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CB to settle liquidity crisis with swaps and ACU payment postponement

The Central Bank is still looking at the crisis as a liquidity short term one and it is getting a swap here and there, postponing the ACU payments etc as opposed to liquidity plus a solvency issue that also requires analysis of the sustainability of the foreign debt and a restructure.

This was disclosed by SJB MP Dr. Harsha de Silva following meeting with Central Bank Governor Ajith Nivard Cabraal.

Central Bank Governor Ajith Nivard Cabraal had talks today with a group of Samagi Jana Balawegaya (SJB) MPs and discussed the state of the economy.

Cabraal said that he had a cordial and interesting meeting with MPs Dr. Harsha de Silva, Kabir Hashim and Eran Wickramaratne.

Dr. Harsha de Silva said that they discussed the ability to pay for imports and foreign debt in exchange rates, soaring inflation and financial system stability.

He also said that the Government does not seem to be considering an IMF supported debt restructuring program.

Meanwhile Central Bank has received a two-month deferral for $900 million in payments due this week to the Asian Clearing Union, multiple sources said, helping ease pressure on its meager reserves amid its worst financial crisis in years, reuter news agency reported.

One payment of $509 million was deferred by the Reserve Bank of India (RBI) in mid-January, the Indian High Commission in Colombo said, as part of a $900 million package of financial assistance that included a $400 million swap.

The RBI extended that deferral by another two months following a request by Sri Lanka’s central bank.

A second payment of about $400 million to $450 million for imports purchased during the last two months was also due but a two-month deferral was given by the ACU Secretariat based in Teheran, three sources at the central bank confirmed to Reuters.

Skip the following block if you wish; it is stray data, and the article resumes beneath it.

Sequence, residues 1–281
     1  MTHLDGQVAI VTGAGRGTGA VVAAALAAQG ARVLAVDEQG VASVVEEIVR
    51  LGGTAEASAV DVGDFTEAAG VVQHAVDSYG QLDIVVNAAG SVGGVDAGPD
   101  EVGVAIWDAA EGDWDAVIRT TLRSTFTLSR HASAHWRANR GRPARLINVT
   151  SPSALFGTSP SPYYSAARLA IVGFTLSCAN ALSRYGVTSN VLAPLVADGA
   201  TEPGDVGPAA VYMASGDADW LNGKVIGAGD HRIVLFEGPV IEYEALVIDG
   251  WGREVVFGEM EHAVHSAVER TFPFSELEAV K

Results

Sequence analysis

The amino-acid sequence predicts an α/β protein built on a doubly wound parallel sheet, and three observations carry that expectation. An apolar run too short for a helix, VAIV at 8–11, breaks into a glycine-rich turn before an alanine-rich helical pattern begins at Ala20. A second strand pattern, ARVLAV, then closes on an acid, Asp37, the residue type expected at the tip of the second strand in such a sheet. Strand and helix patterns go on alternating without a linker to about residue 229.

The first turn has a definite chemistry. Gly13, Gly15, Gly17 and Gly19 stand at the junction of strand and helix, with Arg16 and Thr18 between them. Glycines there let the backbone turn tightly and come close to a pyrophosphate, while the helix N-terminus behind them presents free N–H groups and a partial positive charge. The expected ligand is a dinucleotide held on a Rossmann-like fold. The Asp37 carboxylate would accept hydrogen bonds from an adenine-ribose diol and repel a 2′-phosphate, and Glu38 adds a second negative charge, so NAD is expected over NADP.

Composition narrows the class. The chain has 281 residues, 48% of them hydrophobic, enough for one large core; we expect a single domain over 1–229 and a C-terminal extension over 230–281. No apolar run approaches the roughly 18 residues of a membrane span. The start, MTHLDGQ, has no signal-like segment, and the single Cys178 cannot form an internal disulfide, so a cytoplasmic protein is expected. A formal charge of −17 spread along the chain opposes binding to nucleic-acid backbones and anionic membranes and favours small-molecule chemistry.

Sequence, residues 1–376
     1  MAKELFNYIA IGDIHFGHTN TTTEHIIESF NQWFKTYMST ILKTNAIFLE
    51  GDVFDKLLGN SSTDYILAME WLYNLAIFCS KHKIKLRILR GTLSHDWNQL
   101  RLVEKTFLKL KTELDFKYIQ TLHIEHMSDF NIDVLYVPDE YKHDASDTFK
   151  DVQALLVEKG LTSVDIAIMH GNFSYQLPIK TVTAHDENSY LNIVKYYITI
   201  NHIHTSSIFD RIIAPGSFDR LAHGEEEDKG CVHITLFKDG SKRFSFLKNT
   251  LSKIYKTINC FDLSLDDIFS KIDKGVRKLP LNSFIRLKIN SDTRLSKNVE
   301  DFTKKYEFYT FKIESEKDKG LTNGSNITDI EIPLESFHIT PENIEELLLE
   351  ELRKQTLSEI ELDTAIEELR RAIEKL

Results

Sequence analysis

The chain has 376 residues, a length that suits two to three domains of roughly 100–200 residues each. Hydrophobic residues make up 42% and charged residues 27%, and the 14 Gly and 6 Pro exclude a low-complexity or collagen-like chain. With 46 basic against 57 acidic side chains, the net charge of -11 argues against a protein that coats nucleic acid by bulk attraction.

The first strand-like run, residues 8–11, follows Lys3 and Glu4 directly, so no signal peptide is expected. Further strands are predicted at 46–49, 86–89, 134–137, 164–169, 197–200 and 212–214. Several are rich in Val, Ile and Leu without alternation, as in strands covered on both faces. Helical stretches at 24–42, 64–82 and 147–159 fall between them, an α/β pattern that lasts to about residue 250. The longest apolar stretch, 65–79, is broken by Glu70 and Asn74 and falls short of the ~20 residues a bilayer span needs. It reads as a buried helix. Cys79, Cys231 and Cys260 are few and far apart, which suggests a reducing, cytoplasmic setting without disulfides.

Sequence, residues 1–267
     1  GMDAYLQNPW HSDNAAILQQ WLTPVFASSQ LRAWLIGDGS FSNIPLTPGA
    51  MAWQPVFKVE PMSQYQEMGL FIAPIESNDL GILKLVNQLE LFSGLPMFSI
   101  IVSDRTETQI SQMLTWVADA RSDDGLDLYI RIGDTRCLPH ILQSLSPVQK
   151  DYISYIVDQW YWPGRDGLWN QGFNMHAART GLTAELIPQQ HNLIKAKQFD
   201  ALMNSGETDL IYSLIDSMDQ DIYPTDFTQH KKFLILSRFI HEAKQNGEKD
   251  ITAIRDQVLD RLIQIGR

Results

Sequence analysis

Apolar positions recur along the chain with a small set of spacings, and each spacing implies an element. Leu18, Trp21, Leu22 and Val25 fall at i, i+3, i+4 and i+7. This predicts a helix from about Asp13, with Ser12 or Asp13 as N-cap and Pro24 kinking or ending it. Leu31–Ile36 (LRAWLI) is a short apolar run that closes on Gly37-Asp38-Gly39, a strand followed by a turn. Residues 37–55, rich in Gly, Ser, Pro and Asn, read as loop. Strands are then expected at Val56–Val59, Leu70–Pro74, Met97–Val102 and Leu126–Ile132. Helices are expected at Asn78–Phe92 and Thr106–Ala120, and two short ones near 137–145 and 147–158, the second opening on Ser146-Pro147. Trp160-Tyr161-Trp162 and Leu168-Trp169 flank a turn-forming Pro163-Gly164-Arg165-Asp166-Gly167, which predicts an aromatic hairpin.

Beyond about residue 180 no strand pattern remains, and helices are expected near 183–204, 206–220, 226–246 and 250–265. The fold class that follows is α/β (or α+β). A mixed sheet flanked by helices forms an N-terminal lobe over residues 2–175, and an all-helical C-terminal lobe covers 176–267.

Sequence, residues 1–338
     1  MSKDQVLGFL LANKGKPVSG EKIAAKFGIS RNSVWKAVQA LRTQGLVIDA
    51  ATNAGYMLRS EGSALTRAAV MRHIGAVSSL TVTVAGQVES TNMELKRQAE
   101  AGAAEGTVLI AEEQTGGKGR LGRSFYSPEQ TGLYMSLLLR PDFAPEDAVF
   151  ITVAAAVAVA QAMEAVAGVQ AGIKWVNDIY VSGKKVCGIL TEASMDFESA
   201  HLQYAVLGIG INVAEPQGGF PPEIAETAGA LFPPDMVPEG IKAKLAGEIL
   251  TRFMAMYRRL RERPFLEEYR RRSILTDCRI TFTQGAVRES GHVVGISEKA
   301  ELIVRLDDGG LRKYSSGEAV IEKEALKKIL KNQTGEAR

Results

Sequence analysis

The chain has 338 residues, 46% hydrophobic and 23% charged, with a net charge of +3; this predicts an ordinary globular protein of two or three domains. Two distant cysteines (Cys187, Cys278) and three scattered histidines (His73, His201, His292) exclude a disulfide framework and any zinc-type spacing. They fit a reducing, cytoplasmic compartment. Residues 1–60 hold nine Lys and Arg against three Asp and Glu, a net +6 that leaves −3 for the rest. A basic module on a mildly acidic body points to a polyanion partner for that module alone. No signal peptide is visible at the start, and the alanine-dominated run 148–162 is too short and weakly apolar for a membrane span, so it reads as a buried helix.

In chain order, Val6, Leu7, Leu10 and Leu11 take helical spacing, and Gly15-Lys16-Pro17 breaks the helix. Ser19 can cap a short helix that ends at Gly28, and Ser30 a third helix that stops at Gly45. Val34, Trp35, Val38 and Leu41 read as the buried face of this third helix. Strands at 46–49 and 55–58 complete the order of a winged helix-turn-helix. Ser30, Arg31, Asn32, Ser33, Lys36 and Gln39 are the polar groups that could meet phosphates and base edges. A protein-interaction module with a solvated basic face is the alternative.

The ACU is made up of nine countries including India, Sri Lanka, Bangladesh and Myanmar. The monetary authorities use the ACU as an intermediary to make foreign exchange payments for imports between member countries, usually every three months.

“The deferral gives temporary breathing space for Sri Lanka,” former central bank deputy governor W.A. Wijewardena told Reuters.

“Eventually, when the payments come due, if we don’t have foreign exchange with us at that time we will be in trouble.”

Sri Lanka’s reserves dipped to $2.36 billion at the end of January but the country has to repay about $4 billion in debt repayments this year including a $1 billion international sovereign bond maturing in July.

As the dollar shortage has worsened, the island has been struggling to pay for essential imports including food, medicine, cooking gas and fuel.

On Monday the central bank also relaxed and unofficial peg allowing the exchange rate to move down from 200-203 rupees and set the upper limit at 230 rupees to attract remittances to top up reserves.

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